On Giants' Shoulders
|Publisher||Hodder and Stoughton|
On Giants' Shoulders was written in 1998 by Melvyn Bragg. The book was assembled after a series of interviews Bragg had with current scientists about the world's greatest scientists such as Archimedes, Isaac Newton and Einstein. Bragg, who brands himself as a "non-scientist", conducted these interviews on BBC Radio 4 for other non-scientists. The book looks at the notion of being a "genius" and through discussions with 20th-century scientists explores the extent to which the great scientists of history were geniuses.
The book's title is taken from Newton's 1675 quote: "If I have seen further it is by standing on the shoulders of giants."
In the introduction to On Giants' Shoulders Bragg writes that the world of science was one of mystery and could not be entered nor understood by non-scientists such as himself. Thus he wrote this book, along with scientists, to open a door for other non-scientists to view the world of science as it has been for the past 2,500 years. By doing so, and by explaining the works of the greatest scientists in vernacular understandable by non-scientists, he aims to make the world of science less exclusive and mysterious.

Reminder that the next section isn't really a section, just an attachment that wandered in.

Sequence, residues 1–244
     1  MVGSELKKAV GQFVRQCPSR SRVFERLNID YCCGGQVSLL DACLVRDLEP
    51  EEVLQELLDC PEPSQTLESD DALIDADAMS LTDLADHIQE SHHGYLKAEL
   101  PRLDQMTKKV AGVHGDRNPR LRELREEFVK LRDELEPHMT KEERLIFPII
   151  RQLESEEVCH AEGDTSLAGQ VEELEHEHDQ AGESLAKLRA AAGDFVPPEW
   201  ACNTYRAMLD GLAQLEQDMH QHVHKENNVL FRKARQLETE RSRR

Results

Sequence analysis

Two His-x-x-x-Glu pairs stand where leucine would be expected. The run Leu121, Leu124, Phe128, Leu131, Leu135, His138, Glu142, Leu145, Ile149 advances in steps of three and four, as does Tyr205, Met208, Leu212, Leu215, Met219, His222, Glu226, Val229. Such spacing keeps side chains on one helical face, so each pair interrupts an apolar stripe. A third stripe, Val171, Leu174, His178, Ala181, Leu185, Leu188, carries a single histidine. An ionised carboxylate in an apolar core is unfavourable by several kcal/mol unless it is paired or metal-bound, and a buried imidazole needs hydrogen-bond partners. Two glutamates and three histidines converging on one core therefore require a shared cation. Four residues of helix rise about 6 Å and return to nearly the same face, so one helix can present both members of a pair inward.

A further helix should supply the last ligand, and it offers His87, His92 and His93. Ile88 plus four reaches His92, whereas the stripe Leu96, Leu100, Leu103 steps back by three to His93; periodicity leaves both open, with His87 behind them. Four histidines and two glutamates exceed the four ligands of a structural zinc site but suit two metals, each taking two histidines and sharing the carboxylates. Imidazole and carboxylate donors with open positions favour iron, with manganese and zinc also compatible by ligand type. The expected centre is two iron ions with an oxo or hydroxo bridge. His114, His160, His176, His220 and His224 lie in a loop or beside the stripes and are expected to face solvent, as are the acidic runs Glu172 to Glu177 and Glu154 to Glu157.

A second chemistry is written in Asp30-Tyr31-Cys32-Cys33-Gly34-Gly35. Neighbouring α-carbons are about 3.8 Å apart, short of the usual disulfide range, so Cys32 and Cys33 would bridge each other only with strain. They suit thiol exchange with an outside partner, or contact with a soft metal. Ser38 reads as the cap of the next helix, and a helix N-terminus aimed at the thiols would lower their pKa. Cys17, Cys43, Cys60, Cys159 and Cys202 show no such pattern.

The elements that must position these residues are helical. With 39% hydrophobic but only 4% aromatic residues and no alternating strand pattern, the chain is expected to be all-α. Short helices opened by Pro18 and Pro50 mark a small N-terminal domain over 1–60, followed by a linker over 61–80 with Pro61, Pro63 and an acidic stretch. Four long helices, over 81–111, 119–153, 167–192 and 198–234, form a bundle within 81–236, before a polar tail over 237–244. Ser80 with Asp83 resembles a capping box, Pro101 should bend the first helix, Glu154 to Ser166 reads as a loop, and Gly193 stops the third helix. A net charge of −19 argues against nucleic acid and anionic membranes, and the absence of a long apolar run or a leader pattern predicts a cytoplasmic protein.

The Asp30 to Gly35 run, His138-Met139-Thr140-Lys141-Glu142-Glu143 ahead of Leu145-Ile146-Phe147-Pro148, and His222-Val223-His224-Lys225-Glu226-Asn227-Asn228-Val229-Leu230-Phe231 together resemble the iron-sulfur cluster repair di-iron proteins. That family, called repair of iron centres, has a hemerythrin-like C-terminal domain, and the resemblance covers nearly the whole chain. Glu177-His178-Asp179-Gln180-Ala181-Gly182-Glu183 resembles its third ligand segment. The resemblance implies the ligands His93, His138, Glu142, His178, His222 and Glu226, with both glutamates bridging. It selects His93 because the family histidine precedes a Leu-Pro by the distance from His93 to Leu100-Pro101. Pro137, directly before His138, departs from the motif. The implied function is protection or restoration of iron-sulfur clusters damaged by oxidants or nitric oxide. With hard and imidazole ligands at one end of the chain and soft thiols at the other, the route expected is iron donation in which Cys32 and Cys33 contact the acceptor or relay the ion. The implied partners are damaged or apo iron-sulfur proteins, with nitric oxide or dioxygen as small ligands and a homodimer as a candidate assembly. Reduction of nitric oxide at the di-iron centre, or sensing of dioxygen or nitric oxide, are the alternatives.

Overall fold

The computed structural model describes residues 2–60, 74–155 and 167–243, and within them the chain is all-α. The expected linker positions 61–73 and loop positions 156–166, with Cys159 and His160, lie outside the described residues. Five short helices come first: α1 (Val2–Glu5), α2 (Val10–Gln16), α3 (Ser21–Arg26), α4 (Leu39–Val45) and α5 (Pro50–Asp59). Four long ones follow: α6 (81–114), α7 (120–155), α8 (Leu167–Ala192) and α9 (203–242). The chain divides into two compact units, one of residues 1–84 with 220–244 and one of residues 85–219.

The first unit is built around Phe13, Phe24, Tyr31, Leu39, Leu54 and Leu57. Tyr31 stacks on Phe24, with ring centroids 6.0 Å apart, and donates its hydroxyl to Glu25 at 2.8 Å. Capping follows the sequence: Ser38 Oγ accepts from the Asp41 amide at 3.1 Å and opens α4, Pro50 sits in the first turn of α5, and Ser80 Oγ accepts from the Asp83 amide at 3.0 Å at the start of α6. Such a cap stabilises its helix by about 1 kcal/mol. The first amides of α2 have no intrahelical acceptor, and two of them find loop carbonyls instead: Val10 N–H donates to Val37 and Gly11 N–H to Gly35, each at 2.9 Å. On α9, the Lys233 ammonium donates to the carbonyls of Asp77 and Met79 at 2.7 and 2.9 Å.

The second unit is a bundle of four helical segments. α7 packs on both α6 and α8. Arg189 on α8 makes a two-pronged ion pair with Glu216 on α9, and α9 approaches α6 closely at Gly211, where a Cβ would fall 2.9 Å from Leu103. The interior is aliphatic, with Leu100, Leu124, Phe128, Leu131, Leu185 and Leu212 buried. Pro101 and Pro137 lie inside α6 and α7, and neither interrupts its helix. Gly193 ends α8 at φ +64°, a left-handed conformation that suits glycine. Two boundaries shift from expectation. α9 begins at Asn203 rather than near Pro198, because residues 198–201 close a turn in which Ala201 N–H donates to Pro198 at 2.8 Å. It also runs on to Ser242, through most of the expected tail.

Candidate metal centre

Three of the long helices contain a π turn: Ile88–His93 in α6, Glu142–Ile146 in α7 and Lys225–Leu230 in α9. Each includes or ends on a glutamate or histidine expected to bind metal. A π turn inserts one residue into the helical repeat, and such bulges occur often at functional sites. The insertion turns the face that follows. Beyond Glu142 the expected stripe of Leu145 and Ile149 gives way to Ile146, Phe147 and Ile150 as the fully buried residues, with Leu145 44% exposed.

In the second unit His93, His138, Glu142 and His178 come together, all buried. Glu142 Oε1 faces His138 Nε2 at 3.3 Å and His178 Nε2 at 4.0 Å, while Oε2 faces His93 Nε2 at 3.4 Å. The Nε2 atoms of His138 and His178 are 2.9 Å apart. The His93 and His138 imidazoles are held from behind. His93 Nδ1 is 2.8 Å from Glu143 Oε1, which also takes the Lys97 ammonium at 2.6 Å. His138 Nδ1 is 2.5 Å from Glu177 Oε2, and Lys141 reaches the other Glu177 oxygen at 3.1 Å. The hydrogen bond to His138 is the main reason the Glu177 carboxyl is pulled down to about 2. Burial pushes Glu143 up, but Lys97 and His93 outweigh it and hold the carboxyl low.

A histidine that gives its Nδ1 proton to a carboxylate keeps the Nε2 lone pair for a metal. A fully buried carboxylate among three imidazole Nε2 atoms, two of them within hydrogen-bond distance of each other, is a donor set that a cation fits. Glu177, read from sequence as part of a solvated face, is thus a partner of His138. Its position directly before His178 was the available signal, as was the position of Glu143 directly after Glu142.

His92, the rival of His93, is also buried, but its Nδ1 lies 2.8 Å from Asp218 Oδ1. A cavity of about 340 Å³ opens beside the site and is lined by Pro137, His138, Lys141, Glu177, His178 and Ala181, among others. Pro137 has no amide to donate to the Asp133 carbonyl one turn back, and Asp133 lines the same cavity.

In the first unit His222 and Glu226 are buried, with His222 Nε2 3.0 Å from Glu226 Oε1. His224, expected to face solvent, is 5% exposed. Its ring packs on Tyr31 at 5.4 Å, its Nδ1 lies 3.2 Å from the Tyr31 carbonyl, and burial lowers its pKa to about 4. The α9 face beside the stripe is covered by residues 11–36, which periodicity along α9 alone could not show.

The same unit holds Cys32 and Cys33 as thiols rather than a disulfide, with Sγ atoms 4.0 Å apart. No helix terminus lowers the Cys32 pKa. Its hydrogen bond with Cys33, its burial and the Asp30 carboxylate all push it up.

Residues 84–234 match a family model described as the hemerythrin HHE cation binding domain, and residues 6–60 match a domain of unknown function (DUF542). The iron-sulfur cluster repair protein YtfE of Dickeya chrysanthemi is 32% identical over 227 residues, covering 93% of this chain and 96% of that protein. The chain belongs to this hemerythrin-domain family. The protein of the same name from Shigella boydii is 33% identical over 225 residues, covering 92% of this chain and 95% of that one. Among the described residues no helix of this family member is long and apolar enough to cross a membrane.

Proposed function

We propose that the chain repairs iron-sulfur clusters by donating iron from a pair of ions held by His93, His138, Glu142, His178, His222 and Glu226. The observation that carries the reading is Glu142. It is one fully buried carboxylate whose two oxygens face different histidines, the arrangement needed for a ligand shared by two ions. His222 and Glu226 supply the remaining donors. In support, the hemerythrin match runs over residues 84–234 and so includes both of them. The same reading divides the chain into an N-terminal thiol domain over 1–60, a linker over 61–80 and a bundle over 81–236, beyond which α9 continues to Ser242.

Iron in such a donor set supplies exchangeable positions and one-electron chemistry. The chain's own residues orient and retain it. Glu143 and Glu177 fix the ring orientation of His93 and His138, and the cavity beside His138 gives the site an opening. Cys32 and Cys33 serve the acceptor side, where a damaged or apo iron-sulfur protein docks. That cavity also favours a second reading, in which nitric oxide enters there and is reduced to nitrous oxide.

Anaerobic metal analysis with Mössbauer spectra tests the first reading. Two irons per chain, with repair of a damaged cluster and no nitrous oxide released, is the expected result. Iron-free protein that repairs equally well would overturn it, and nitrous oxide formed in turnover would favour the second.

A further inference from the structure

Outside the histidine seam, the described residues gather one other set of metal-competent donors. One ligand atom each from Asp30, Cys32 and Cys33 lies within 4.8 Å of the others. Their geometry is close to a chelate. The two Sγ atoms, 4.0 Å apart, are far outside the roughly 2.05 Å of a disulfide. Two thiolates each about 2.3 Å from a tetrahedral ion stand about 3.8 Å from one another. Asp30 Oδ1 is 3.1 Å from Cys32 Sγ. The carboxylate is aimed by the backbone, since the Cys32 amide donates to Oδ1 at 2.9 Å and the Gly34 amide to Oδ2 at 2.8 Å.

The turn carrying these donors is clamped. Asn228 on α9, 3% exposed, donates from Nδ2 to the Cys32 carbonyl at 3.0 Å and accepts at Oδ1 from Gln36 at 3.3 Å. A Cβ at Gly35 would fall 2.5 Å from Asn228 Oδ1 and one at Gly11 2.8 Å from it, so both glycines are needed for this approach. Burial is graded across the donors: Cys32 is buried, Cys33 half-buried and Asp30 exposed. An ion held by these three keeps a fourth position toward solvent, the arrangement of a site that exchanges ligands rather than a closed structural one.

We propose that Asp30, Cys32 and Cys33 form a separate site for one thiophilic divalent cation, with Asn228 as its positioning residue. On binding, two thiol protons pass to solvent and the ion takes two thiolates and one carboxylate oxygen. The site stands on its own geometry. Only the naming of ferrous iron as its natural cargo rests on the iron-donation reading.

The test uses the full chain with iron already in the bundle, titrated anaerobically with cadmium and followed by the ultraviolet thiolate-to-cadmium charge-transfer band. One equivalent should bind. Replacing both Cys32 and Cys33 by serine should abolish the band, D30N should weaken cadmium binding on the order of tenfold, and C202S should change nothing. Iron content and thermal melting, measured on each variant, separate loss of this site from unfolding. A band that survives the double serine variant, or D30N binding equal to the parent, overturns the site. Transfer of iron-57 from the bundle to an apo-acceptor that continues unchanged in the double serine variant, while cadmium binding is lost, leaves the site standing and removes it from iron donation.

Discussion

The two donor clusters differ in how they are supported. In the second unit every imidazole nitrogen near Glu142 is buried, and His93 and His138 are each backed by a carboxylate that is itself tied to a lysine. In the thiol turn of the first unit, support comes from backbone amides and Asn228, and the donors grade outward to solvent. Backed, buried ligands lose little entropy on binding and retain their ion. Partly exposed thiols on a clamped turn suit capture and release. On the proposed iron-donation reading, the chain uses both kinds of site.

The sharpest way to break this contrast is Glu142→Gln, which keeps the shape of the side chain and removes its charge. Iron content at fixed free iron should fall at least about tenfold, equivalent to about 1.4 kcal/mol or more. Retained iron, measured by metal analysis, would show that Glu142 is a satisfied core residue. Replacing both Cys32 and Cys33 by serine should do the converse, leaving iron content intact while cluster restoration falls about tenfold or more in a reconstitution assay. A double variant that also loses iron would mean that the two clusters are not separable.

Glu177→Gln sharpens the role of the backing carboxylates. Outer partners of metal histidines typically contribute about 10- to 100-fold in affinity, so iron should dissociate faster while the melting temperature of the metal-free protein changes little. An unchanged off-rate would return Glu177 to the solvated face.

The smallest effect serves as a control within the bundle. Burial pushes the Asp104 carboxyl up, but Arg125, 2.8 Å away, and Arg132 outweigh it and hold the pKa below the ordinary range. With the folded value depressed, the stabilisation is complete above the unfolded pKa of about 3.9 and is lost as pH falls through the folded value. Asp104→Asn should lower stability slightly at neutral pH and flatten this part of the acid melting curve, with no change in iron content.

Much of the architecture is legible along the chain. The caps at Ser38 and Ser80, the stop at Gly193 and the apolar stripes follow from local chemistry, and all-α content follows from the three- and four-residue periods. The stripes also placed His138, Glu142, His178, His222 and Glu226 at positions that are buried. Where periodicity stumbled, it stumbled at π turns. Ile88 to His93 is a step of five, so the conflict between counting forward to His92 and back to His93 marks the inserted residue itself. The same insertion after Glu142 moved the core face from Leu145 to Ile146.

- Archimedes (c. 287 BC–212 BC)
- Galileo Galilei (1564–1642)
- Sir Isaac Newton (1642–1727)
- Antoine Lavoisier (1743–1794)
- Michael Faraday (1791–1867)
- Charles Darwin (1809–1882)
- Jules Henri Poincaré (1854–1912)
- Sigmund Freud (1856–1912)
- Marie Curie (1867–1934)
- Albert Einstein (1879–1955)
- Francis Crick (1916–2004)
- James Watson (born 1928)